The Control Designer's Unified Interface (CONDUIT), developed at Ames Research Center , has changed the traditional flight control design process by unifying all of the necessary elements needed in flight control design.
CONDUIT is a state-of-the-art design tool that has been used on both manned and unmanned aerial vehicles. CONDUIT can provide critical design help in a time-efficient and cost-effective manner to any vehicle that has a control system. This suite of tools has revolutionized the aviation industry, enabling a rapid, low-cost design of control systems for a wide spectrum of aerial vehicles, including planetary exploration vehicles. CONDUIT accounts for safety from the start allowing the designer to specify, and design to, safety specifications.
The dynamics and control of new vehicles remains a significant technical challenge. CONDUIT was used to abate these challenges in a cost-effective manner to achieve credible flight control designs on industry programs such as Boeing’s Joint Strike Fighter, Northrop-Grumman’s Vertical Takeoff Unmanned Aerial Vehicle (UAV), Kaman’s BURRO (UAV), and Microcraft’s 9-inch diameter Lift Augmented Ducted Fan (UAV). Each of these programs used CONDUIT and flew the first time successfully. The success of this advanced engineering tool in enabling a "rapid, high-confidence, and cost efficient design of revolutionary systems" is validated by the simple fact that the above industry partners paid Ames to use the tool, and in each case, the tool delivered.
Previously, industry used home-grown tools that solved segregated pieces of the flight control problem. This added cost and complexity. CONDUIT brought all the pieces under one umbrella while also integrating another industry standard analysis package, Matlab, into the mix in an innovative fashion. Thus, engineers can use their existing software and data and fold it into CONDUIT seamlessly.
CONDUIT’s level of accomplishment and technical performance are unsurpassed for flight control. Specifically, this tool creates a flight control system that simultaneously satisfies tens or hundreds of performance and safety specifications. Previously, engineers were unsure if this was even possible, let alone to be able to find a solution. What enables these solutions is a clever, state-of-the-art, minimax vector optimization scheme. This optimization engine allows a flight control designer to rationally tradeoff a set of competing constraints and objectives, which is the hallmark of any flight control design.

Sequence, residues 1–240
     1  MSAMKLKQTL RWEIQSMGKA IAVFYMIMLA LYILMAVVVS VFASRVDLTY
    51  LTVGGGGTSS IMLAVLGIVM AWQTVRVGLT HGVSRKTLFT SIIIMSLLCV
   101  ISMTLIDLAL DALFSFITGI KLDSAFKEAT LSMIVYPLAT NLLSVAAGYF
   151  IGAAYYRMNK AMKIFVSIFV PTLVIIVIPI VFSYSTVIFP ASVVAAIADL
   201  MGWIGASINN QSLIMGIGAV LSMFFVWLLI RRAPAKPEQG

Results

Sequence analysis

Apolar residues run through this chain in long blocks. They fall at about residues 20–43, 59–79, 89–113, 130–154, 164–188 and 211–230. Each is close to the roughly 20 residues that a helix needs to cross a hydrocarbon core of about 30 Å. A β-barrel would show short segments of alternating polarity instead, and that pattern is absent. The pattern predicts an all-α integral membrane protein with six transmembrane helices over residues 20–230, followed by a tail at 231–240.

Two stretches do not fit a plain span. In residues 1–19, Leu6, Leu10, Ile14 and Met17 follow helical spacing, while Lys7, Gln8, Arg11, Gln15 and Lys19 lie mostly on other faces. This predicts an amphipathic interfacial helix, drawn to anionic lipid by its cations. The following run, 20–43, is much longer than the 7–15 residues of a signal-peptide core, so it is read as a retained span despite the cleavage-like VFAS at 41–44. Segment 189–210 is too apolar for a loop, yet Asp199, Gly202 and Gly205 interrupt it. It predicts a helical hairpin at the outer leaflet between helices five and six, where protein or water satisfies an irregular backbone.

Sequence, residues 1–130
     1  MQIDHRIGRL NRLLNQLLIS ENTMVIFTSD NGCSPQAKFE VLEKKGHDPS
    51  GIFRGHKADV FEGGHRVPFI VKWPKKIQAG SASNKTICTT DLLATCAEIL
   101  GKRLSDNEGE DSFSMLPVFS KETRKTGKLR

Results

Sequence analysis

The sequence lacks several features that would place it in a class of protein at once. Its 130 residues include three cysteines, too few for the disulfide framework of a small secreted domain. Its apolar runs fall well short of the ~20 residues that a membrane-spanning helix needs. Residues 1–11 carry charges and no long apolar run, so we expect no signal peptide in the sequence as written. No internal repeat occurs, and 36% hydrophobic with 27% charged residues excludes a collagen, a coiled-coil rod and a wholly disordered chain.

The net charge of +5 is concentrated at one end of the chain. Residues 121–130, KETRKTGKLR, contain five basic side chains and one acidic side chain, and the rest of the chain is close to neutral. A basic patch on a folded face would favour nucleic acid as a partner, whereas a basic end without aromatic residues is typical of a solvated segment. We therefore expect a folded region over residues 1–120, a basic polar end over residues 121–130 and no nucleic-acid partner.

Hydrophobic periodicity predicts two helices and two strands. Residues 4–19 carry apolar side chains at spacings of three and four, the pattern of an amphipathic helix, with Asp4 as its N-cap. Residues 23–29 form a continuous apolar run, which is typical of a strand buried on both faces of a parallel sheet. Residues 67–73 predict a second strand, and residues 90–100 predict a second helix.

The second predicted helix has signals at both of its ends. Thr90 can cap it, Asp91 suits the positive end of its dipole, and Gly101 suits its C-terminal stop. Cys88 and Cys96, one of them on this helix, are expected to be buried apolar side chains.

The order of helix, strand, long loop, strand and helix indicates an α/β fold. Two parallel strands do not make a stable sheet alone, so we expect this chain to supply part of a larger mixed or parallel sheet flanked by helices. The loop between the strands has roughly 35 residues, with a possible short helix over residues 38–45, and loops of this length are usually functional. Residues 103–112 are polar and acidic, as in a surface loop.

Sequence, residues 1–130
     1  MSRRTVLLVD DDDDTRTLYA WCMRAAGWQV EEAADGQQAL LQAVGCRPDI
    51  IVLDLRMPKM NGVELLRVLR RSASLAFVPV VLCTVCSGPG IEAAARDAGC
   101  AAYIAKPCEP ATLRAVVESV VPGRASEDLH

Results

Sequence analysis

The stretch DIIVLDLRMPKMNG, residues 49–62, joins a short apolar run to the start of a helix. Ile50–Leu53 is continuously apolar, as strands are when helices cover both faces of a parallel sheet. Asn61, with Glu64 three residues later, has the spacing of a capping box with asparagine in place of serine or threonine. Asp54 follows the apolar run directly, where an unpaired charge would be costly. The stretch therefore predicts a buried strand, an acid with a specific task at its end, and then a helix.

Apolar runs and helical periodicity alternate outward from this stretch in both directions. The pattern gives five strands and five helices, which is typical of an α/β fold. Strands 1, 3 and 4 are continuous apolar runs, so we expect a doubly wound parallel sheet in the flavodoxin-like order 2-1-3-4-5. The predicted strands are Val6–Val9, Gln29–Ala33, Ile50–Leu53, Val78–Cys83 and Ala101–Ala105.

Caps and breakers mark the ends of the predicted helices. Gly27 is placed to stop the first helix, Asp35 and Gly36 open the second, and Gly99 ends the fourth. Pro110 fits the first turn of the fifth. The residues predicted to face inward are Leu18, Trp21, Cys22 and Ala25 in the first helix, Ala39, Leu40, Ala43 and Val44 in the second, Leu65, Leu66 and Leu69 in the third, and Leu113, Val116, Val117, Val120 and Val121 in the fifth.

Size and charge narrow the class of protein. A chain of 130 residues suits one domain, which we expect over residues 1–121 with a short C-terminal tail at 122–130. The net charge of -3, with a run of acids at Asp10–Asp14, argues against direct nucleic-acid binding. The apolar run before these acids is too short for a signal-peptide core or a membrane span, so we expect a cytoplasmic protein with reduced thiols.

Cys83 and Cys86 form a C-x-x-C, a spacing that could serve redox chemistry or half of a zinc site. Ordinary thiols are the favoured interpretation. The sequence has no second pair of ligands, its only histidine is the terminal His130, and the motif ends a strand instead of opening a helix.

CONDUIT reduces the analysis time for the first flight condition to one hour and each subsequent condition to five minutes. This allows overnight turnaround for a new control design. To date, this is unheard of in the flight control discipline, and it has changed its culture. Since CONDUIT completely evaluates and optimizes the resulting control design against performance specifications, record cycle time reductions are achieved simultaneously with improved system performance. Improved system performance, in a handling qualities context, improves flight safety.
CONDUIT represents a significant new capability in flight control design, development, and integration. The system is built on top of the highly flexible MATLAB/SIMULINK system modeling and analysis environment, which includes a graphical block diagram editor and block-diagram-to-code features.
Key Features of CONDUIT include:
Tools are provided for the user to gain insight about relationships between specifications and design parameters during the optimization process, and they allow the user to analyze the control system to determine if it can maintain its robustness with the presence of uncertainties within the system.
Developing flight control systems for today's aerospace vehicles is time consuming. While the theory is understood, its application is lengthened as a result of three factors. First, flight control is an interdisciplinary subject that integrates math models, control theory, computers, hydraulic and electrical systems, specifications, and pilots. Combining these pieces into a unified framework is a challenge. Second, imperfect knowledge of a contributing component results in costly flight-test iterations. Manufacturers have previously allotted 25% of the total flight test development time for flight control evaluation and iteration. Third, after a control system design is finalized, it can take two weeks to just evaluate the control system against the myriad of often conflicting design specifications. CONDUIT ruthlessly attacks these three complicating factors with a vengeance, and as a result, embodies the description of "Pioneering Technology Innovation Enabling a Revolution in Aerospace Systems" and "Engineering Innovation."